In a life filled with many accomplishments, two by Dr. Michael J. Hogan stand out as major contributions to the field of ophthalmology.
Along with a few other department chairs at the time, Mike Hogan emphasized the concept that ophthalmic management should be based on a thorough knowledge of pathology. Among a small cadre of full-time academic ophthalmologists, he helped develop the modern concept of an ophthalmology department with both a strong basic science component and excellence in clinical training and care.
Dr. Hogan was born in Kemmerer, Wyo. in 1907 and grew up in Wyoming and Utah. He received a bachelor's degree in 1930 from the University of Utah, where he was an athlete on the swim team. After earning a medical degree from Cornell University in 1932 and following his residency in general surgery at Bellevue Hospital in New York City in 1935, he entered a general practice in San Diego. There he met his future wife, Vera Merrill, whose father was an ophthalmologist and who inspired Mike to enter an ophthalmology residency program chaired by Dr. Frederick Cordes at the University of California San Francisco.
Following fellowships at the Illinois Eye and Ear Infirmary in Chicago (1940-41) and Columbia University's Institute of Ophthalmology in New York City (1941), he returned to California to private practice and a clinical instructor position at the University of California San Francisco.
From 1943 to 1946, he served in the Navy as a lieutenant commander. Subsequently he was awarded the first full-time academic appointment in the Department of Ophthalmology at UCSF. Dr. Cordes, the first chair of the department, had supported himself through his private practice and received just $1 a year for his service in organizing and running the department.
Dr. Hogan became the first director of the Francis I. Proctor Foundation, an independently funded research section of the ophthalmology department and became interested in uveitis and particularly toxoplasmosis, publishing numerous articles related to ocular inflammation. One was a classic article on toxoplasmosis, which became the subject of his American Ophthalmological Society thesis. He served from 1947 to 1959.
At UCSF, he was one of the founders of the uveitis survey clinic, which compiled data on the history, physical findings and laboratory investigations of more than 5,000 patients with uveitis. Free of any charges, he solicited eyes from anywhere in the world for microscopic examination, including postmortem eyes and eyes enucleated because of complications from uveitis.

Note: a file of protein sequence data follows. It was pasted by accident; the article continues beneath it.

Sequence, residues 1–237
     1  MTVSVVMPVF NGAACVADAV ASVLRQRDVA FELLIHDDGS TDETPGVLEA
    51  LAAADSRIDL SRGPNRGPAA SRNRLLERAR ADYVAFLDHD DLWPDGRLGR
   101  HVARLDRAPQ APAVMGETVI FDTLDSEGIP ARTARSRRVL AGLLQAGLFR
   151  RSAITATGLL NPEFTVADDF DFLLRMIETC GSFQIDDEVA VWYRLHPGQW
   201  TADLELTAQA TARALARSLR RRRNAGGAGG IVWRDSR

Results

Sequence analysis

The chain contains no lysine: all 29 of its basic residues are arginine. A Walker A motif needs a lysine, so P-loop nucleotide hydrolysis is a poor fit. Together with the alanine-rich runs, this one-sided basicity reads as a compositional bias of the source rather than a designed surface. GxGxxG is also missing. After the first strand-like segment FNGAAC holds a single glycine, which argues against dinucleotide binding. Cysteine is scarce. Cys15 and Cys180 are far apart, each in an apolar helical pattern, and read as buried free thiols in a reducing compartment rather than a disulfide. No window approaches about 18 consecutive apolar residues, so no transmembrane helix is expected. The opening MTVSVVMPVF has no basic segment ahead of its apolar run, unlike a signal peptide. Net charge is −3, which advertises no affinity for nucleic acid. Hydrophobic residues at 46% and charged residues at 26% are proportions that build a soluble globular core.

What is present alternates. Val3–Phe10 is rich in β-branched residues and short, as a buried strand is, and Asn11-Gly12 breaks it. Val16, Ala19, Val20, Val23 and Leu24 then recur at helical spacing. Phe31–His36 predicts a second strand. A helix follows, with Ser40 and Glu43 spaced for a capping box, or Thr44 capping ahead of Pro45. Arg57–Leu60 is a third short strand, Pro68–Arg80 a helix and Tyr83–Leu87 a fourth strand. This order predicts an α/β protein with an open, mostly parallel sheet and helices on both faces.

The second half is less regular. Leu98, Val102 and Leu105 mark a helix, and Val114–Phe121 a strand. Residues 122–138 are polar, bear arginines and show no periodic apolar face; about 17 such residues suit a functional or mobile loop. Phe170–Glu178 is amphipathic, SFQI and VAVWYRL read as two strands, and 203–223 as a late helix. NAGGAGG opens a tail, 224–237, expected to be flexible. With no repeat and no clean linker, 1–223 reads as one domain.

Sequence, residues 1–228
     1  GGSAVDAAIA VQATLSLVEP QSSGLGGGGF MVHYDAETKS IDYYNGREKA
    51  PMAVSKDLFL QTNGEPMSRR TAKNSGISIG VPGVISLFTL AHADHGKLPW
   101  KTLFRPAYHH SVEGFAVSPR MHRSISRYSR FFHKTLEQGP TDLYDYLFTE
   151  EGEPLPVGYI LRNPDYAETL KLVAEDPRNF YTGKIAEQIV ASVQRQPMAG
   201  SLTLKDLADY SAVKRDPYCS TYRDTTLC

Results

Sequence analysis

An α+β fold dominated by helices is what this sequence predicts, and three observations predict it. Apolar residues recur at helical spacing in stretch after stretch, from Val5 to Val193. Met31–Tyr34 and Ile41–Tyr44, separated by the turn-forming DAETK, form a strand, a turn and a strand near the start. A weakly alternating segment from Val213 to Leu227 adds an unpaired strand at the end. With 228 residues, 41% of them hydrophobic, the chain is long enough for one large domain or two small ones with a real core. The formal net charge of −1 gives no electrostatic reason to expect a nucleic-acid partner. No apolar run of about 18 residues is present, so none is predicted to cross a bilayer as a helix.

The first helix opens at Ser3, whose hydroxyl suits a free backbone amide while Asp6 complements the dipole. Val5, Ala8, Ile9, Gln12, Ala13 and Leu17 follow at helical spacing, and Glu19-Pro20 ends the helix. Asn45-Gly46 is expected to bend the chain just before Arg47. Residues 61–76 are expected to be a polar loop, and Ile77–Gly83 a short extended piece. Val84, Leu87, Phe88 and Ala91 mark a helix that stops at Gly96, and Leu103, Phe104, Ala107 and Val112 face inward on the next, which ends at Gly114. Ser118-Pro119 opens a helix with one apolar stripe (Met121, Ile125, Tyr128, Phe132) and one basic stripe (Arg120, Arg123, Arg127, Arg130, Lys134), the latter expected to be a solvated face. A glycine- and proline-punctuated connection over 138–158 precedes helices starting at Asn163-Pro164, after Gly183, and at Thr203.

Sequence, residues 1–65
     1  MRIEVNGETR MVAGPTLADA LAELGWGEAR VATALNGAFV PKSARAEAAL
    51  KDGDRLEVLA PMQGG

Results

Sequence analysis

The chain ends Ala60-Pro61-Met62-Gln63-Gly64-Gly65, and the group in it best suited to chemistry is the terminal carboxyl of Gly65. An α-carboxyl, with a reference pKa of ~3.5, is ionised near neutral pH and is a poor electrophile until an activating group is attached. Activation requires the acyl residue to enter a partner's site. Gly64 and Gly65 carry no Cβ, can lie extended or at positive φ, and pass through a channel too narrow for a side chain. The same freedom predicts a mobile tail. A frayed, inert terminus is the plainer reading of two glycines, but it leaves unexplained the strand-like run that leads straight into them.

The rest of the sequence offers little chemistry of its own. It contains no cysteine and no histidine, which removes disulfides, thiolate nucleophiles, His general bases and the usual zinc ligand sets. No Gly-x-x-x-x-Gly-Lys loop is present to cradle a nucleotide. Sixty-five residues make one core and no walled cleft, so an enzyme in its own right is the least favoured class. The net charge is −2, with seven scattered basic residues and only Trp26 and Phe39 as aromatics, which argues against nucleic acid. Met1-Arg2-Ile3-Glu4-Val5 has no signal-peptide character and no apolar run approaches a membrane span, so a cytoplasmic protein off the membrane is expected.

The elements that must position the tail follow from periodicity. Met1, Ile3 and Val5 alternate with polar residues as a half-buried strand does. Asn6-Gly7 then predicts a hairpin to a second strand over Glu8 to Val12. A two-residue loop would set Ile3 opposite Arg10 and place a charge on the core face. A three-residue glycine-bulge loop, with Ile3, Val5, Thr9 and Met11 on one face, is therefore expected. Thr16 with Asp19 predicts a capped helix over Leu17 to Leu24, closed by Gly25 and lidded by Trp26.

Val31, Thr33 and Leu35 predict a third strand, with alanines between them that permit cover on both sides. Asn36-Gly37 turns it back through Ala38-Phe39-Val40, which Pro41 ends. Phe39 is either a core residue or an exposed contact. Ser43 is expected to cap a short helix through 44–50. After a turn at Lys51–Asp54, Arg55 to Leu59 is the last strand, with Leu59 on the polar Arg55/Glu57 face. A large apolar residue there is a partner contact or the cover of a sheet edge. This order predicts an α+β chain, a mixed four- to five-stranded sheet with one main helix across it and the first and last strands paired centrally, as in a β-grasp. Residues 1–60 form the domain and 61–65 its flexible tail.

These uveitis patient survey clinic study data contributed to a better understanding of ocular inflammation and incidentally revealed that several eyes that had been treated for uveitis actually also had harbored retinoblastomas or other intraocular tumors. In 1967and 1968, he spent a sabbatical year in Rome, studying uveitis and especially Behcet’s disease.
Dr. Hogan’ primary interest in academic ophthalmology was the discipline of ocular pathology and oncology. He had started the eye pathology laboratory at UCSF and was its director from 1946 to 1959. Then, in 1959, he succeeded Dr. Cordes as the chair of the Department of Ophthalmology, a position he held until 1975.
Although not a founder of the Verhoeff Society, (now the Verhoeff-Zimmerman Society), which was founded in 1945 by T. E. Sanders, John McLean and Benjamin Rones, he was one of its earliest and most influential members. He made sure that all of his former students and colleagues who had an interest in eye pathology became members of this leading and oldest ocular pathology society. These colleagues included Levon Garron, William Spencer, Edward Howes and J. Brooks Crawford.
Dr. Hogan was one of the early adopters of the electron microscope for the study of eye pathology. He and one of his electron microscope technicians, George Alvarado, and Joan Weddell, a talented medical illustrator, published a book, “Histology of the Human Eye” in 1971, which became a classic. Subsequently, Dr. Alvarado went to medical school, became a resident in ophthalmology under Dr. Hogan and then became a prominent and internationally famous glaucoma specialist in the Department of Ophthalmology at UCSF.